Inadequate content

The company’s communications strategy failed to back this diversification message with newsflow or content that demonstrated it effectively and carried it to the most valuable media. Untargeted RNS announcements, articles in niche legal trade publications and infrequent annual reports were simply inadequate tools for embedding such an important message within that audience over time. There was also insufficient acknowledgement or repetition of this essential message in the required investor materials - the company’s 2014 annual report even delegates finding details of portfolio diversification to the reader:

"We also won’t repeat in any detail our devotion to the construction and management of a large and diversified portfolio of litigation investments, but we believe that is a critical way to go about investing in this asset class, as each investment comes with idiosyncratic risk that can only be properly managed through diversification."

If it was critical, management should have been discussing portfolio diversification actively - their media team should have advised them to do so, identified suitable media opportunities and produced content around it for targeted distribution through the company’s social media assets.

Choice of announcements

Some content Burford announced to the market repeatedly highlighted the significance and huge potential future value of single large investment cases rather than the merits of a diversified portfolio. On two occasions announcements highlighting the possible values of such cases were made just before or in conjunction with major financial results.

On the 14th March 2017 at 07:00, just one minute before the previous financial year’s full results were released, Burford announced the partial sale of interests in a single investment - ‘the Petersen Claim’. The sale implied “a market value for the investment of $400m.”

It is very possible such announcements altered the way aggregate financial results (required by market regulations) would have been interpreted by anyone reading them: it is plausible those announcements may have ‘primed’ readers to note particularly the importance of single large investment cases as they made or confirmed their own ideas of Burford’s value potential.

The next year Burford repeated this announcement pattern. On 13th March 2018, on the day immediately before the 2017 full year results were released, the company announced it had sold its entire interest in a single arbitration case called ‘Teinver’. The announcement was titled `“BURFORD SELLS TEINVER INVESTMENT FOR $107 MILLION, A 736% RETURN”

These messaging decisions increased positive analyst estimates, but at a real cost. They diluted the impact of any attempt to create a narrative around portfolio diversification, and they helped embed single large case successes within the Burford growth narrative.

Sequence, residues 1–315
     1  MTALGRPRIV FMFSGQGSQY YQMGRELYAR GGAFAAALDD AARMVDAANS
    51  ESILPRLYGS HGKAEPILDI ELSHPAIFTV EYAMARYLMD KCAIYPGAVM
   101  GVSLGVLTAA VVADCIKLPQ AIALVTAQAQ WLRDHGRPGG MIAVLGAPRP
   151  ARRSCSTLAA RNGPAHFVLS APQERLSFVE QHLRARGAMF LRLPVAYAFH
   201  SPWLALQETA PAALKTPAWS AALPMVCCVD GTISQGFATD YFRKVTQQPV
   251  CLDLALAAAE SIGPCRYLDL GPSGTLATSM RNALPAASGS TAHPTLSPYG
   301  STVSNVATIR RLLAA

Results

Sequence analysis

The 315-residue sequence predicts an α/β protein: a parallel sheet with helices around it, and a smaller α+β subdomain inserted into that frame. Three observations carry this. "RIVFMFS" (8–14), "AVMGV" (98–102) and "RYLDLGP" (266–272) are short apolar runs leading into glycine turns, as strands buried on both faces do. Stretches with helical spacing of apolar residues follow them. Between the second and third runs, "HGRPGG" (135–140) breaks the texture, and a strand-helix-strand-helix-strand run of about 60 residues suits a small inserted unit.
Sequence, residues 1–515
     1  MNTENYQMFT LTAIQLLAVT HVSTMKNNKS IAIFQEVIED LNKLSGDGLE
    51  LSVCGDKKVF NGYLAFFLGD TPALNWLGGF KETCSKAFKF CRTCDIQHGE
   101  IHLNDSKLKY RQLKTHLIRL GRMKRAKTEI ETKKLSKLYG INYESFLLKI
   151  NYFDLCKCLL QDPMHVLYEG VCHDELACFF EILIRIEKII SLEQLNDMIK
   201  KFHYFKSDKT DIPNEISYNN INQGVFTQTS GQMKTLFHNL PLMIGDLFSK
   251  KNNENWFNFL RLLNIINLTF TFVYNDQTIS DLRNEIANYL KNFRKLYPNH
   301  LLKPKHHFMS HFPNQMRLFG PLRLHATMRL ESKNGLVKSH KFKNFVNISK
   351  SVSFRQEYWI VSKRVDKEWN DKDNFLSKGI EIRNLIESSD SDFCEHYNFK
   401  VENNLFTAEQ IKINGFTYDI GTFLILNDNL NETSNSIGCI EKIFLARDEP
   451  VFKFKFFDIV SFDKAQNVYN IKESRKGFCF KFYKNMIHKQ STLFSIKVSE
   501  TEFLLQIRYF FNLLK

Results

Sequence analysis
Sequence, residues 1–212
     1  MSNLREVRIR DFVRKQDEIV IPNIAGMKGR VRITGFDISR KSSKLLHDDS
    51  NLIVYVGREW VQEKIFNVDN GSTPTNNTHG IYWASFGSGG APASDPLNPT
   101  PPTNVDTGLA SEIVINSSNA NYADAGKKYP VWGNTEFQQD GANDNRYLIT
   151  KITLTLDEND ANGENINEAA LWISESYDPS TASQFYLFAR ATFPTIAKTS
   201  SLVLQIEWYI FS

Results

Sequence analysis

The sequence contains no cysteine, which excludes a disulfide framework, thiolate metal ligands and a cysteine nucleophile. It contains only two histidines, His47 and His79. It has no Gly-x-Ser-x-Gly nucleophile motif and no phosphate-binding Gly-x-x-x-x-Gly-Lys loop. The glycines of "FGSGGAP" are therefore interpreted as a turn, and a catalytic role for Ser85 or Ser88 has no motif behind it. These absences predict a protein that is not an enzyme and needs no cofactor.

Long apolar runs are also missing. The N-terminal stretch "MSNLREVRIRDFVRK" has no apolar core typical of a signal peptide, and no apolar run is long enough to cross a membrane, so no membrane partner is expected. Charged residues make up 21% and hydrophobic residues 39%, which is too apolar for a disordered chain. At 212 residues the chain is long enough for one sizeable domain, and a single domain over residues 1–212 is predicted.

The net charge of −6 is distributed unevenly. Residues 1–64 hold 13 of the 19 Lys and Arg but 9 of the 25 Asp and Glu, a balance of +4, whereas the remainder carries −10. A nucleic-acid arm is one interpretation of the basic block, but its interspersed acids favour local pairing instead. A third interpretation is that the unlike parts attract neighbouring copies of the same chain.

Returns metrics

It was a challenge for Burford to identify the right metrics with which to describe its profitability. The timing of its cash flows was difficult to predict and its assets were hard to value with traditional, common methods. This meant standard metrics were unsuitable.

Indeed as early as 2013 and 2014 the company’s annual reports clearly stated the company’s reluctance to use IRRs to measure its profitability or the performance of its investments reliably:

“We are often asked about IRRs. Particularly given the multiple lines of business in which Burford is now engaged and the widely varying nature of our investments, we regard IRRs as a less helpful measure than return on invested capital (on a per investment or portfolio basis) and return on equity (for the entire business). That is especially true when one considers that we have one matter with IRR in excess of 15,000%, another in excess of 1,000% and several more well into the hundreds – but that does not necessarily signify that those were fantastic investments (although we were perfectly happy with them) because we can’t reliably put out capital in our business repeatedly and have it returned as quickly as occurred in those matters. Indeed, as a general matter, we would have preferred our capital to be outstanding for longer in those ultra-high IRR matters, so that we generated greater cash profits but lower IRRs.”

- Burford Capital 2013 Financial Report

“NAV and IRRs are not the appropriate valuation metrics for this business, as the research analyst community increasingly recognises.”

- Burford Capital 2014 Financial Report

But these metrics continued to be provided by Burford over the years. Inevitably, they were included in media coverage of the company’s share price potential. And whether unintentional or not, this meant potentially unreliable metrics became steadily, cumulatively inseparable from the company’s success story, and Burford’s IRRs became embedded in its growth narrative.

Unrealised gains